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Original article (peer-reviewed)

Journal Oecologia
Volume (Issue) 187(2)
Page(s) 447 - 457
Title of proceedings Oecologia
DOI 10.1007/s00442-018-4119-1

Abstract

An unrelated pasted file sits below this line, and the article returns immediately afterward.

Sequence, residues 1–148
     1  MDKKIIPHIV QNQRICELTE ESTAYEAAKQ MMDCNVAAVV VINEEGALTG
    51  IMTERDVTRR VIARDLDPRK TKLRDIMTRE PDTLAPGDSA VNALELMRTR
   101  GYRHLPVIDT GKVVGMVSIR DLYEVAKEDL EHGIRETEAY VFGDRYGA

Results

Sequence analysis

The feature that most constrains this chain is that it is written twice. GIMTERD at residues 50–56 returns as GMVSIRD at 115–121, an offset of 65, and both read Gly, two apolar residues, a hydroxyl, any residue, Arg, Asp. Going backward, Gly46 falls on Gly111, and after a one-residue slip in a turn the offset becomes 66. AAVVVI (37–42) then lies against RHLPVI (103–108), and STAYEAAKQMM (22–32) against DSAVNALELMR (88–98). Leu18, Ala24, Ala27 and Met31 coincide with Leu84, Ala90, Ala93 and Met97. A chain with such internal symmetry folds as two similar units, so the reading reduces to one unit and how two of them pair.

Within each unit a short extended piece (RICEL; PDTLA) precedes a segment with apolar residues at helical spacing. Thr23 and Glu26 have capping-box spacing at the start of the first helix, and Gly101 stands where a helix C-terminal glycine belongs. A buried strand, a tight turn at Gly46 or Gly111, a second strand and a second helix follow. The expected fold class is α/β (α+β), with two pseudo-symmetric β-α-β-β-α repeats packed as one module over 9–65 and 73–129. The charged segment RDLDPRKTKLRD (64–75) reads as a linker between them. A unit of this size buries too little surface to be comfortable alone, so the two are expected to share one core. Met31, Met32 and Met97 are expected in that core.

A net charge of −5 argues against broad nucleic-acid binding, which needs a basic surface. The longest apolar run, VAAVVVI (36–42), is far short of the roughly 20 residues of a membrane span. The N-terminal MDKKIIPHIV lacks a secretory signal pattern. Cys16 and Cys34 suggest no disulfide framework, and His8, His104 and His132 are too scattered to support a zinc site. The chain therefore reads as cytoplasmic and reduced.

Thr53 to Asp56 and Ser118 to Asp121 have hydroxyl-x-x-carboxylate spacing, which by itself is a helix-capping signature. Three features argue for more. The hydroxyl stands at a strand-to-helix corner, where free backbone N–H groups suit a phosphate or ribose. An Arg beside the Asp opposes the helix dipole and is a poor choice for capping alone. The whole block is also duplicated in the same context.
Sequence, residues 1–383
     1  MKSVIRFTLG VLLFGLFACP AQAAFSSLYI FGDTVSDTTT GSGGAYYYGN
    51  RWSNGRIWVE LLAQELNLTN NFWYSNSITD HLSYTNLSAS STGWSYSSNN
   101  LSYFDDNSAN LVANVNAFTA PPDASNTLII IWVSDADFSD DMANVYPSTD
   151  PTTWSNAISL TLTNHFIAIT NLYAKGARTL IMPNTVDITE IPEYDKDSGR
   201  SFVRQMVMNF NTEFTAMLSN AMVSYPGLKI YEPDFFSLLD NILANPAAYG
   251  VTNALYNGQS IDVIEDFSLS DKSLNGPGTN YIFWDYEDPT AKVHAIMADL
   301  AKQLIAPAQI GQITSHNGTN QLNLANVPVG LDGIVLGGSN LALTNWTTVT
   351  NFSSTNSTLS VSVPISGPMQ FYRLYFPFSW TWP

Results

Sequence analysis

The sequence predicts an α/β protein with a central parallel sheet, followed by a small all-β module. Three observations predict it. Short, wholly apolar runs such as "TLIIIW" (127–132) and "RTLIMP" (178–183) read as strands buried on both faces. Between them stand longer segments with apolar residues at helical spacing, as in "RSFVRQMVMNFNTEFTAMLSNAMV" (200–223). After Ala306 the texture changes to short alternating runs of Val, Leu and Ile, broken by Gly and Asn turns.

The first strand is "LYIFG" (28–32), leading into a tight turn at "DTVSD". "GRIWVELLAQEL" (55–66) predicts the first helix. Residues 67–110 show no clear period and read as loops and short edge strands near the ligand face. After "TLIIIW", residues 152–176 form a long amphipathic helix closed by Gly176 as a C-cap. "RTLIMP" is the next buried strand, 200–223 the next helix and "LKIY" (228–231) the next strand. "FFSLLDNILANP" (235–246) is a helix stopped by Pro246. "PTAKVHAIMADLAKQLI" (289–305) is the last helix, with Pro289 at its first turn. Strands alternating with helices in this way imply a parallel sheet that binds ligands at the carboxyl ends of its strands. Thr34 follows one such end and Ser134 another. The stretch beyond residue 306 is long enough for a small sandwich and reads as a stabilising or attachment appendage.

Lima bean plants (Phaseolus lunatus) exhibit compensatory growth responses to herbivory. Among the various factors that have been identified to affect plant compensatory growth are the extent and type of tissue damage, the herbivore’s feeding mode and the time of damage. Another factor that can greatly impact plant responses to herbivory, but has been largely ignored in previous studies, is the action of parasitoids. In most cases, parasitoids halt or slow down the development of herbivorous hosts, which, can result in decreased leaf damage, thereby affecting plant responses and ultimately plant fitness. Here, we investigated the effects of two koinobiont parasitoids on the amount of leaf damage inflicted by the Southern armyworm Spodoptera latifascia to wild lima bean, and the consequences of this for plant growth and seed production in the field. We specifically tested the hypothesis that the action of parasitoids will reduce plant damage and that this reduction will alter plant growth responses and seed production. Indeed, we found that in the presence of parasitoids plants suffered less damage than plants with only herbivores. As a consequence, compensatory growth was reduced and more and heavier seeds were produced earlier in the season, compared to plants exposed to only herbivores.
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